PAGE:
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Jack’s Mediumwave Lazy Susan Mag Loop System

Many thanks to SWLing Post contributor, Jack Blanke (WB5LVP), who writes:

I stole this idea from another SWLing Post contributor and I hope he won’t mind.

However, placing the Ferrite Antenna near the center of the loop does enhance its performance and the Lazy Susan was something I had been using long ago to quickly re-orient the radio azmuth to accommodate the signal source. But, like my mentor, minor improvements like this can really enhance performance of smaller portables on medium wave. He used cardboard and I used scrap wood from the work shop. Either way, not much money was involved in this minor enhancement.

These inexpensive additions to the listening post really make the PL380 and the AN200 combo provide hours of enjoyment from medium wave DXing. Now,if only I can find the gent’s name who came up with this little gizmo, I’d love to thank him!!

73’s!

Thanks for sharing your setup, Jack! I can assure you that Rich Stahl (WR3V) will be happy you “stole” his idea. That’s what it’s all about–helping each other! I love the little table/stand you built for the portable and how it perfectly accommodates the loop. Great job!


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An inexpensive portable radio pack with excellent features

Many thanks to SWLing Post contributor, James Fields, who writes:

Something I always appreciate on the SWLing Post are articles and comments suggesting bags and cases. A while back I wound up with an account on wish.com – a site that sells “stuff from China” for lack of a better description. Some things are junk, some are not quite what is advertised, but one area where I’ve had remarkably good luck is bags and pouches of varying sizes.

If you search wish.com for “tactical waist bag” you should see a bunch of entries for a smallish canvas bag. The prices will range from $1 to $3, with shipping varying from free to about $3. These are canvas bags with some snaps and fasteners and compartments, and they are a near perfect fit for various travel portables.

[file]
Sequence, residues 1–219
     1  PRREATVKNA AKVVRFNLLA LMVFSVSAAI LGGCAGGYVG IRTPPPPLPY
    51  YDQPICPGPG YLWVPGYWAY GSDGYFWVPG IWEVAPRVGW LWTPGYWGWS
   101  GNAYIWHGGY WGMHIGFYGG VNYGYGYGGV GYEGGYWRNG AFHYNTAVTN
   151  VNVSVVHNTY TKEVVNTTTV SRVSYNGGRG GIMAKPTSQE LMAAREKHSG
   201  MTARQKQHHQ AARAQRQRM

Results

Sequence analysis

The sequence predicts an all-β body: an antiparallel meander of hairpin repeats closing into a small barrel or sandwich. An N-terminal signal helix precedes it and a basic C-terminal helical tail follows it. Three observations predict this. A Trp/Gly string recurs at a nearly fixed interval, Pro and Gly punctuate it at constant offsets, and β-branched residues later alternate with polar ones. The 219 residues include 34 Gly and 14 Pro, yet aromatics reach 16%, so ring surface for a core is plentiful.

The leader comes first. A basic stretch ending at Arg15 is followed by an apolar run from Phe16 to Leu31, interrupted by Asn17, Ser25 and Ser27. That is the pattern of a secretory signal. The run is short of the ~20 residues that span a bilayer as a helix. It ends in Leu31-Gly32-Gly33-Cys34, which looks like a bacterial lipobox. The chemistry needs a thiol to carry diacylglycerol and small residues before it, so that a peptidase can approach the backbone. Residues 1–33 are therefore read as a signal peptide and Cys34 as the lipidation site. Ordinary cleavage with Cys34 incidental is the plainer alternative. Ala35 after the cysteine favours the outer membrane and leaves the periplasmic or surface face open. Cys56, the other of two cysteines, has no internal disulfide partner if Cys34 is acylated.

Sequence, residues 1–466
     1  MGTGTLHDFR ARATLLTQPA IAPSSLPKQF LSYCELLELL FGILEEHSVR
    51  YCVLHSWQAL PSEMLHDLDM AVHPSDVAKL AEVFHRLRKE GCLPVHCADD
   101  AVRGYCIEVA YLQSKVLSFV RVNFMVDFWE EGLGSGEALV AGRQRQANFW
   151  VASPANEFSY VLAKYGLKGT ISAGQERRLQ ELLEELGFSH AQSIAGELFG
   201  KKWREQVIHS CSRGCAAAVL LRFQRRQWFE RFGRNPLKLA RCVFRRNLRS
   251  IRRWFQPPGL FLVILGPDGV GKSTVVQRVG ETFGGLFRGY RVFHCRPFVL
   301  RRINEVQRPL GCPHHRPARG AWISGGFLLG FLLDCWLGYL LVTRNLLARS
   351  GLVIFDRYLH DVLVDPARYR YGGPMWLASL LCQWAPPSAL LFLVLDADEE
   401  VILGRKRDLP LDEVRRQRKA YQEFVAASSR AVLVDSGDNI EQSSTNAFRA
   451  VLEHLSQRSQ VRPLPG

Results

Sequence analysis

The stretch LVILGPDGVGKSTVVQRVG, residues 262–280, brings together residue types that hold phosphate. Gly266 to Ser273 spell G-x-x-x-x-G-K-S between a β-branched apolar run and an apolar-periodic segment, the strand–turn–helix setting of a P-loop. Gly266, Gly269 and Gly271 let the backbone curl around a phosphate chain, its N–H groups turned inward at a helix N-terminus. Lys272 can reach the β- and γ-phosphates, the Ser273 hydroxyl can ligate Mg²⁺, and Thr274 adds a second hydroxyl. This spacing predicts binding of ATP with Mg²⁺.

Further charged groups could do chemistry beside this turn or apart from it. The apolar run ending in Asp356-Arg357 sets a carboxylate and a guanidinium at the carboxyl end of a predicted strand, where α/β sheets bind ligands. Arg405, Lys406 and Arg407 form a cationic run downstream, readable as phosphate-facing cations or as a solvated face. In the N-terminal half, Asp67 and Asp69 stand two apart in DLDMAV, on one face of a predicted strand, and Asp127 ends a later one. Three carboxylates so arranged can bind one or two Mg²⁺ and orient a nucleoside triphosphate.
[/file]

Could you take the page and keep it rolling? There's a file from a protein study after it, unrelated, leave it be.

The Skywave (and Skywave SSB). Tecsun PL-310ET and PL-380, and Digitech AR-1780 all fit well in this bag. The XHData D808 would be tight as it’s slightly wider than the AR-1780 but it might go. There is plenty of room for spare batteries and a wire antenna. The bags are padded nicely.

If you want to see one of these without visiting the wish.com site, there are some Amazon resellers that have them, usually around $10 (which is not bad with free Prime shipping).

Click here for one example on Amazon.com (affiliate link).

I have several of these bags in various colors – they’re very convenient for travel, and for me they work better than hard-shell cases.

Thank you for the suggestion, James! I love the fact this pack has Molle attachments on the back. That’s huge for those of us with tactical packs!

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Ed’s ultra low-cost “upcycled” radio case for the Realistic DX-440

Many thanks to SWLing Post contributor, Edward Ganshirt, who writes:

I have seen some very good radio cases for carrying your radio with you with a price tag.

I needed one for my DX-440 but did not want to shell out a hundred bux for it, so I made a home brew version out of packing foam, bubble wrap, Velcro patches, hot melt glue and lots of imagination. this is what I came up with:

Thanks for sharing, Ed! I’m sure your upcycled case will serve the DX-440 quite well. Bubble and foam wrap are durable materials and it’s always get to give them a second life!

Post readers: Have you made your own radio protective cases? Please comment!